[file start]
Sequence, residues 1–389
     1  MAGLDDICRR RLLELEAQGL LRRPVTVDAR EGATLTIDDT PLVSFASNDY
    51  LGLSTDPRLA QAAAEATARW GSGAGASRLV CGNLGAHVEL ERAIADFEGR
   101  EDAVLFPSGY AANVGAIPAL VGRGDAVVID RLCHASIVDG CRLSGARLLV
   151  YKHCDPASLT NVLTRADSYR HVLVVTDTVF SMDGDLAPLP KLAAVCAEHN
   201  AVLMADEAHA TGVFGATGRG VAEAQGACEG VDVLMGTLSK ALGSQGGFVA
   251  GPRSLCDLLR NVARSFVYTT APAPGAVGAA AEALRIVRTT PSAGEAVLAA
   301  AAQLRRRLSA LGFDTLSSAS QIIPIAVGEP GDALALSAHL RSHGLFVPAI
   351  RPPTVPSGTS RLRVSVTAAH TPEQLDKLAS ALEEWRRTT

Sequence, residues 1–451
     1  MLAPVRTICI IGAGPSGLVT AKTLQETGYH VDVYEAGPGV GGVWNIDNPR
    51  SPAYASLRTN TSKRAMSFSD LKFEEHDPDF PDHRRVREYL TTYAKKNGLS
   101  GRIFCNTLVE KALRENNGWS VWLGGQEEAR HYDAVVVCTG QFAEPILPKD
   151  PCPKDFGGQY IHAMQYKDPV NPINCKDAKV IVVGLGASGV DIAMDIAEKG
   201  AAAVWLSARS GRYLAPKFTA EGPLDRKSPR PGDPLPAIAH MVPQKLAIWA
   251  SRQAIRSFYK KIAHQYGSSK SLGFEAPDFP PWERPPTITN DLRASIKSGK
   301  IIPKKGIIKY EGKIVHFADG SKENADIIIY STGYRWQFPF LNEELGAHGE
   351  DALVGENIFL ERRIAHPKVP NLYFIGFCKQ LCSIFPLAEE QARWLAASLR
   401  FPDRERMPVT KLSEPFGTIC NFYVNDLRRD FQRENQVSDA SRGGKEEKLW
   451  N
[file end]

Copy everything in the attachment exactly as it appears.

Sequence, residues 1–389
     1  MAGLDDICRR RLLELEAQGL LRRPVTVDAR EGATLTIDDT PLVSFASNDY
    51  LGLSTDPRLA QAAAEATARW GSGAGASRLV CGNLGAHVEL ERAIADFEGR
   101  EDAVLFPSGY AANVGAIPAL VGRGDAVVID RLCHASIVDG CRLSGARLLV
   151  YKHCDPASLT NVLTRADSYR HVLVVTDTVF SMDGDLAPLP KLAAVCAEHN
   201  AVLMADEAHA TGVFGATGRG VAEAQGACEG VDVLMGTLSK ALGSQGGFVA
   251  GPRSLCDLLR NVARSFVYTT APAPGAVGAA AEALRIVRTT PSAGEAVLAA
   301  AAQLRRRLSA LGFDTLSSAS QIIPIAVGEP GDALALSAHL RSHGLFVPAI
   351  RPPTVPSGTS RLRVSVTAAH TPEQLDKLAS ALEEWRRTT

Sequence, residues 1–451
     1  MLAPVRTICI IGAGPSGLVT AKTLQETGYH VDVYEAGPGV GGVWNIDNPR
    51  SPAYASLRTN TSKRAMSFSD LKFEEHDPDF PDHRRVREYL TTYAKKNGLS
   101  GRIFCNTLVE KALRENNGWS VWLGGQEEAR HYDAVVVCTG QFAEPILPKD
   151  PCPKDFGGQY IHAMQYKDPV NPINCKDAKV IVVGLGASGV DIAMDIAEKG
   201  AAAVWLSARS GRYLAPKFTA EGPLDRKSPR PGDPLPAIAH MVPQKLAIWA
   251  SRQAIRSFYK KIAHQYGSSK SLGFEAPDFP PWERPPTITN DLRASIKSGK
   301  IIPKKGIIKY EGKIVHFADG SKENADIIIY STGYRWQFPF LNEELGAHGE
   351  DALVGENIFL ERRIAHPKVP NLYFIGFCKQ LCSIFPLAEE QARWLAASLR
   401  FPDRERMPVT KLSEPFGTIC NFYVNDLRRD FQRENQVSDA SRGGKEEKLW
   451  N